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William BeckfordFirst Prime Minister of the London Empire$
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Perry Gauci

Print publication date: 2013

Print ISBN-13: 9780300166750

Published to Yale Scholarship Online: October 2013

DOI: 10.12987/yale/9780300166750.001.0001

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PRINTED FROM YALE SCHOLARSHIP ONLINE (www.yale.universitypressscholarship.com). (c) Copyright Yale University Press, 2017. All Rights Reserved. Under the terms of the licence agreement, an individual user may print out a PDF of a single chapter of a monograph in YSO for personal use (for details see http://www.yale.universitypressscholarship.com/page/privacy-policy).date: 12 December 2017

The Friend of Liberty

The Friend of Liberty

Chapter:
(p.107) Chapter Five The Friend of Liberty
Source:
William Beckford
Author(s):

Perry Gauci

Publisher:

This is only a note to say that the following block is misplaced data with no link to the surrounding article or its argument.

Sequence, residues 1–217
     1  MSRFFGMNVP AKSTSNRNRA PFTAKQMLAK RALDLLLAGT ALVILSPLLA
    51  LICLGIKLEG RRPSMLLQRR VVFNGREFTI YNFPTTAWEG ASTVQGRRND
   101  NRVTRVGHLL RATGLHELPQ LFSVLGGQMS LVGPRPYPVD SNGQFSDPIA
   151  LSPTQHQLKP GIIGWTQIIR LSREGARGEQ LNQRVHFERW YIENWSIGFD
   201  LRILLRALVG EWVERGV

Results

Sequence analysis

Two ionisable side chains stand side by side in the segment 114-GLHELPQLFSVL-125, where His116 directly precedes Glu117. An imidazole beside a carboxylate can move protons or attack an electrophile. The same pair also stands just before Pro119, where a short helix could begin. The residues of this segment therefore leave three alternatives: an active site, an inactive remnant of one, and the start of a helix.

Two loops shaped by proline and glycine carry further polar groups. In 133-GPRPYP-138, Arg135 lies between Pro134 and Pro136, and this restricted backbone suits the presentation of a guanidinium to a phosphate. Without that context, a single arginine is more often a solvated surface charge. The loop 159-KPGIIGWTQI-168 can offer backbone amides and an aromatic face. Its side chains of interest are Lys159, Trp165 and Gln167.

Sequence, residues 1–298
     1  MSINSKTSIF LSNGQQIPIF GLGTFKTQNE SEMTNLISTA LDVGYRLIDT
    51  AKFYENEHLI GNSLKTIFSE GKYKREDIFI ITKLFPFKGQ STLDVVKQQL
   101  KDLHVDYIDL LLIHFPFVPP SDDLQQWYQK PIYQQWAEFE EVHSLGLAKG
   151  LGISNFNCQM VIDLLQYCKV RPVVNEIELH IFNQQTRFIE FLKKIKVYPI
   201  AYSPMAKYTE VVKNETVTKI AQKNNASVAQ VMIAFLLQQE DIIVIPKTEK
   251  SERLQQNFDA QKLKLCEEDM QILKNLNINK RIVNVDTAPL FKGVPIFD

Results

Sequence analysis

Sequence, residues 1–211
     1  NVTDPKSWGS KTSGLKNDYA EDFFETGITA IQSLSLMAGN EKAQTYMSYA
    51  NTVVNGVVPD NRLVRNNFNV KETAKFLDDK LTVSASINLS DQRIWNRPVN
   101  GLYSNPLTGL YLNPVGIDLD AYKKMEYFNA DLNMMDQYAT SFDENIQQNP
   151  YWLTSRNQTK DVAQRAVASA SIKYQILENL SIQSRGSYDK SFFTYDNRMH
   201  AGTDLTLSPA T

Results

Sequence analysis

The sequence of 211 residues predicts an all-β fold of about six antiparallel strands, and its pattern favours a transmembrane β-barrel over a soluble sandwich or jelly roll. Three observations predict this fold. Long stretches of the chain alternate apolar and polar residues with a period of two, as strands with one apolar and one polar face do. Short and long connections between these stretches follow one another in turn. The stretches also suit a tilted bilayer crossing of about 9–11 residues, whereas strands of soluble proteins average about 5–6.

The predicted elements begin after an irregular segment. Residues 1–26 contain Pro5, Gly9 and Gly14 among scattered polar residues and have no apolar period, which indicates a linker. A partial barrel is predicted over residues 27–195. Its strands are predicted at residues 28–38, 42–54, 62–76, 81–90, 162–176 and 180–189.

Yale University Press
DOI:10.12987/yale/9780300166750.003.0006

This chapter depicts Beckford as one of the first and most strident movers for parliamentary reform. Historians have also been quick to identify him as a torchbearer for the views of the “people,” a vision that encompassed a broad and ambiguous social canvas and excluded only the aristocracy and the poor. Few scholars, however, have sought to investigate how his conception of society was influenced by his Creole roots or Jamaican concerns, perspectives that help to explain why the absentee planter was so keen to align himself with the country gentleman and the industrious citizen among the ranks of the virtuous. After 1761, his outlook was influenced by the domestic upheavals of the early years of George III, but his thinking and the ways in which it was perceived were still influenced by events overseas.

Keywords:   most strident movers, parliamentary reform, torchbearer, conception of society, Creole roots, Jamaican concerns, George III

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